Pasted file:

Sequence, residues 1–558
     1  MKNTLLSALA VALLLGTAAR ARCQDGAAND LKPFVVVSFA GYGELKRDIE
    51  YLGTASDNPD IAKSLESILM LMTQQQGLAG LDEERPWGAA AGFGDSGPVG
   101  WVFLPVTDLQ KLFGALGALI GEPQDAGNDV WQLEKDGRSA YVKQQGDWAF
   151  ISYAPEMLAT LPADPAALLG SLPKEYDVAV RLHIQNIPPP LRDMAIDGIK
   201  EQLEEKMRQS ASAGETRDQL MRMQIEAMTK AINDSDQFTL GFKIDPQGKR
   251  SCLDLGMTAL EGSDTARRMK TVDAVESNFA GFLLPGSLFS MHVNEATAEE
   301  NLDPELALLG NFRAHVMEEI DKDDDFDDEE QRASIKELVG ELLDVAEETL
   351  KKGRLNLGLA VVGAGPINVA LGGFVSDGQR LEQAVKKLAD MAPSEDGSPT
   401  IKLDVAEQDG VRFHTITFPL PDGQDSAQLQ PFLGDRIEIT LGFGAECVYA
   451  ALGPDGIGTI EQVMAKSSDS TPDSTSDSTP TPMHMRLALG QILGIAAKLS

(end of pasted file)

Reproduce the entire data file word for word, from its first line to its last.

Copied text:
Sequence, residues 1–558
     1  MKNTLLSALA VALLLGTAAR ARCQDGAAND LKPFVVVSFA GYGELKRDIE
    51  YLGTASDNPD IAKSLESILM LMTQQQGLAG LDEERPWGAA AGFGDSGPVG
   101  WVFLPVTDLQ KLFGALGALI GEPQDAGNDV WQLEKDGRSA YVKQQGDWAF
   151  ISYAPEMLAT LPADPAALLG SLPKEYDVAV RLHIQNIPPP LRDMAIDGIK
   201  EQLEEKMRQS ASAGETRDQL MRMQIEAMTK AINDSDQFTL GFKIDPQGKR
   251  SCLDLGMTAL EGSDTARRMK TVDAVESNFA GFLLPGSLFS MHVNEATAEE
   301  NLDPELALLG NFRAHVMEEI DKDDDFDDEE QRASIKELVG ELLDVAEETL
   351  KKGRLNLGLA VVGAGPINVA LGGFVSDGQR LEQAVKKLAD MAPSEDGSPT
   401  IKLDVAEQDG VRFHTITFPL PDGQDSAQLQ PFLGDRIEIT LGFGAECVYA
   451  ALGPDGIGTI EQVMAKSSDS TPDSTSDSTP TPMHMRLALG QILGIAAKLS